August 15, 2013
Snipes also keeps a kennel, where he raises bird dogs.
For Rick Snipes, nothing beats quail hunting. Inside his home, photos and paintings
of bird dogs line the walls. On one table, a lifelike carving made from one piece
of wood portrays a hawk sitting on a fence post, quail in talon.
“Most of the people whose friendship I really value I met through a dog, a bird or a shotgun,” Snipes jokes as he sits in the shade of his porch.
For him, it’s not so much about the bird as it is about the hunt and the relationship between man and dog. Snipes also raises bird dogs and has a kennel with 10 pointers and one setter.
“The magic for a quail hunter is the dog,” he said. “The bobwhite has an endearing characteristic, which is that it usually will hold for the dog. Bobwhites exist in a covey. So when you find one, you find 15 or 20, and they behave for a bird dog and that is what makes the bobwhite special.”
Reared in South Carolina, Snipes grew up hunting quail. That was back when quail populated the state in numbers large enough to be hunted, though. Since that time, the birds have vanished due to human encroachment and habitat change.
That loss of habitat and hunting opportunity is what drove Snipes and his wife to buy a ranch in the Rolling Plains of Texas. Here, save for the barbed wire, cattle and loss of the buffalo, the land has remained relatively unchanged, and vast numbers of the birds thrived.
Snipes' home is at the end of a dirt trail flanked by sage and mesquite.
“The ranch, when we first bought it, was probably typical of West Texas ranches in the Rolling Plains in that it was characterized by ‘subsistence agriculture,’” Snipes said. “It was radically overgrazed and overgrown with brush in certain places. But at the same time, birds were everywhere. What that tells you is that we were living in a rainy period. A nice rainy spring forgives almost all poor land management, it seems. What we did was look at the ranch and say, ‘What can we do to make it a better habitat for quail and for people?’”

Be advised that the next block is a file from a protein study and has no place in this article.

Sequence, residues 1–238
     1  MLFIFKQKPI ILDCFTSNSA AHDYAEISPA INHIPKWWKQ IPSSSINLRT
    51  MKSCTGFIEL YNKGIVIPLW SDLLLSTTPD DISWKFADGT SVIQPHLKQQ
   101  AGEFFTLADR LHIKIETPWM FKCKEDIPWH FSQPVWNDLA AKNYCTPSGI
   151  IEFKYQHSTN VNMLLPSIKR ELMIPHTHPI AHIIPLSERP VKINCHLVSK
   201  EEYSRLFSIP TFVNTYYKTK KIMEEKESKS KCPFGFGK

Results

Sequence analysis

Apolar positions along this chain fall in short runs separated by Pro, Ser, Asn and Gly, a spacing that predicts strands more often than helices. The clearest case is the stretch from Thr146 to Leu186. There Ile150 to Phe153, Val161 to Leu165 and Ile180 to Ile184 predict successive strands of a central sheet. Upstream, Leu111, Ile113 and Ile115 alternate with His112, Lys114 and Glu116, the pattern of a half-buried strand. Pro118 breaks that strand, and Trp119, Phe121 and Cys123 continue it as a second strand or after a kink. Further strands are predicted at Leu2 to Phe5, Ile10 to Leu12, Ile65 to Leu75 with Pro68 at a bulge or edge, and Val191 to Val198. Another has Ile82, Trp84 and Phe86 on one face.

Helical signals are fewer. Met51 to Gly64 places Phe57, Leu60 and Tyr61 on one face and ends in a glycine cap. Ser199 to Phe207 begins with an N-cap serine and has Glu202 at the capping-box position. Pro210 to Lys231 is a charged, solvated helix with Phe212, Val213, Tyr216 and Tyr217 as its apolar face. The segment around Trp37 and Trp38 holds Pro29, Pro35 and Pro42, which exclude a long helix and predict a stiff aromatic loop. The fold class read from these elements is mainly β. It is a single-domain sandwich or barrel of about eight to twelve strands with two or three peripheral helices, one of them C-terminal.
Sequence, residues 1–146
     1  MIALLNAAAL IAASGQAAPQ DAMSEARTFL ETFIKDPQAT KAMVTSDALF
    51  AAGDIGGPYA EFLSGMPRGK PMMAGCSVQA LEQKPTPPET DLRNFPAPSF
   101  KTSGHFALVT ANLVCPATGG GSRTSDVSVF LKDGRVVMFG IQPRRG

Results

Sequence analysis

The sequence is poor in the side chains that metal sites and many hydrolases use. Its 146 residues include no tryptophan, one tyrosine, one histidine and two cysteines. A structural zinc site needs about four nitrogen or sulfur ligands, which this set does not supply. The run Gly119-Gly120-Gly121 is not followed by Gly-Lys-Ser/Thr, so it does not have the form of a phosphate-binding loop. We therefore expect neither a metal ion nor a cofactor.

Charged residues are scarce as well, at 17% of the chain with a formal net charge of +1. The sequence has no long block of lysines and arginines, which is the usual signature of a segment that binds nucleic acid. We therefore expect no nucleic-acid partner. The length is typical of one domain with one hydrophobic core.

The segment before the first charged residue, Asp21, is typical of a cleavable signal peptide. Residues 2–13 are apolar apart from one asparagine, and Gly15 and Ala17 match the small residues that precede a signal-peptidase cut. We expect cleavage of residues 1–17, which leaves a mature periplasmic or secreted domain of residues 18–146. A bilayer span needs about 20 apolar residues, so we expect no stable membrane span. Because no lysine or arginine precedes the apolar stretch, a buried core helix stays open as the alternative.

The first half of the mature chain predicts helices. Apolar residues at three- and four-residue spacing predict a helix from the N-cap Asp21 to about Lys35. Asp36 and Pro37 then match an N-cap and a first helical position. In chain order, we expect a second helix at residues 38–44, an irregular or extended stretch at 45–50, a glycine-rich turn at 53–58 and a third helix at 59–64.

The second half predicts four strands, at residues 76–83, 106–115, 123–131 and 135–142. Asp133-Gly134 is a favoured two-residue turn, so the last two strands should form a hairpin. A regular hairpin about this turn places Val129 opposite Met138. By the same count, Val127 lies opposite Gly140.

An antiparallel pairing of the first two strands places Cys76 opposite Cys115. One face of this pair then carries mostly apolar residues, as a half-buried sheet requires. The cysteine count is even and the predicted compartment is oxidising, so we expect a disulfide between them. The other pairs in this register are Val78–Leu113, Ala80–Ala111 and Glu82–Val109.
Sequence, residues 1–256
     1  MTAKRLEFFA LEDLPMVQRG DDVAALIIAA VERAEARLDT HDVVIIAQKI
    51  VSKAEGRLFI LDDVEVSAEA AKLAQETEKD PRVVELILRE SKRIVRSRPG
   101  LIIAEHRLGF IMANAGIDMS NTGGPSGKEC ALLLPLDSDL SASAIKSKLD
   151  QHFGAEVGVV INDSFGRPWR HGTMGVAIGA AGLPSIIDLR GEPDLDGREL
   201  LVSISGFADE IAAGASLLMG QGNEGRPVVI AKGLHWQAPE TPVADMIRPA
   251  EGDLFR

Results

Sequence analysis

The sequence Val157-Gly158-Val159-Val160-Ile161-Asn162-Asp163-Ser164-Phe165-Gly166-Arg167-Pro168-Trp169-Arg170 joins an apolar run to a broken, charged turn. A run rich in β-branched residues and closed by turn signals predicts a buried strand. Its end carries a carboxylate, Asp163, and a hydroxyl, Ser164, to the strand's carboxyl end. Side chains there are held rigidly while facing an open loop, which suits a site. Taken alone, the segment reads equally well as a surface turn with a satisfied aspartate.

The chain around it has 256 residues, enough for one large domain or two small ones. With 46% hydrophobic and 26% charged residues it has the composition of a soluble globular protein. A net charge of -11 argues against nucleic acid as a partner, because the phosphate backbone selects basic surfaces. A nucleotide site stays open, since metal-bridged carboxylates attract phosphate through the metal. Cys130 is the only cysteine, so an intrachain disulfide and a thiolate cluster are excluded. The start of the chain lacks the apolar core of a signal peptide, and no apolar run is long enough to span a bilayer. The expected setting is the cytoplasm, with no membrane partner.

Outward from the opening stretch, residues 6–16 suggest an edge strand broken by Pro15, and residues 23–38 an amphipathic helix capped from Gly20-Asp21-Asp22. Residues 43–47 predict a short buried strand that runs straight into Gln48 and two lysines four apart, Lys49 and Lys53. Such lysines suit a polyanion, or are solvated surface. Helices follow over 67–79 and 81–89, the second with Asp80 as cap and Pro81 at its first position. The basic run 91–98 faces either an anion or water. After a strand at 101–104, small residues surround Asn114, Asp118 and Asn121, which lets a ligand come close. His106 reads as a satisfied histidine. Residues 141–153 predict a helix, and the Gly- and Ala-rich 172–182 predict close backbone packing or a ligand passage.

He started by taking every cow off the land for six years and allowed the native grasses to flourish. He thinned some of the brush, which in turn freed up more water for the grasses. Then, he kept a small herd of cattle to graze at high intensity for short periods to emulate buffalo.
The practices worked amazingly well, he said.
“The number of birds on this ranch defy belief most of the time,” he said. “From 2001 to 2008, we averaged finding five coveys an hour in good weather or bad weather, and the birds were eating purely natural feed. That is remarkable in this day and time.”
For 2010, it looked like an unprecedented crop of birds inhabited Snipes’ ranch. Each morning the air rang with their calls, and Snipes couldn’t wait for hunting season.
“By September, we had no birds to speak of,” he said. “For every 100 birds we expected to have, we had four or five birds. So we said to ourselves, like anyone would, ‘What in the world happened here?’ Rather than just being quail hunters who owned a ranch, we were fortunate enough to be in the position to do some research. We knew for sure it wasn’t habitat, we knew for sure it wasn’t weather, so what was left was disease or parasites.”
Rick Snipes is a founding member of Rolling Plains Quail Research Ranch, an integral part of the largest quail population research project of its kind.
For Rick Snipes, nothing beats quail hunting. It’s not so much about the bird as it is about the hunt - and the relationship between man and dog.
Dale Rollins, director of the RPQRR and a professor with Texas Agrilife Research, is a former national quail-calling champion. He has researched the birds since 1978.
A lab at The Institute of Environmental and Human Health at Texas Tech is dedicated to studying the environmental toxicology impacting the quail.
The Quail-Tech Alliance, a five-year, $1.25 million study, hopes that research can discover reasons for the area’s quail decline as well, and develop new methods for landowners to use to stabilize, maintain and even increase quail populations.
The Institute of Environmental and Human Health was created in 1997 as a joint venture between Texas Tech and the Texas Tech University
Health Sciences Center to assess the impact of toxic chemicals and diseases on the
physical and human environments, including air, water, soil and animal life.
Researchers investigate elements in the environment, both those that are naturally occurring such as disease and those caused by humans, such as nuclear activity, pollution or chemical or bioterrorism, which negatively impact the environment. It is one of the few labs in the country dedicated to environmental toxicology.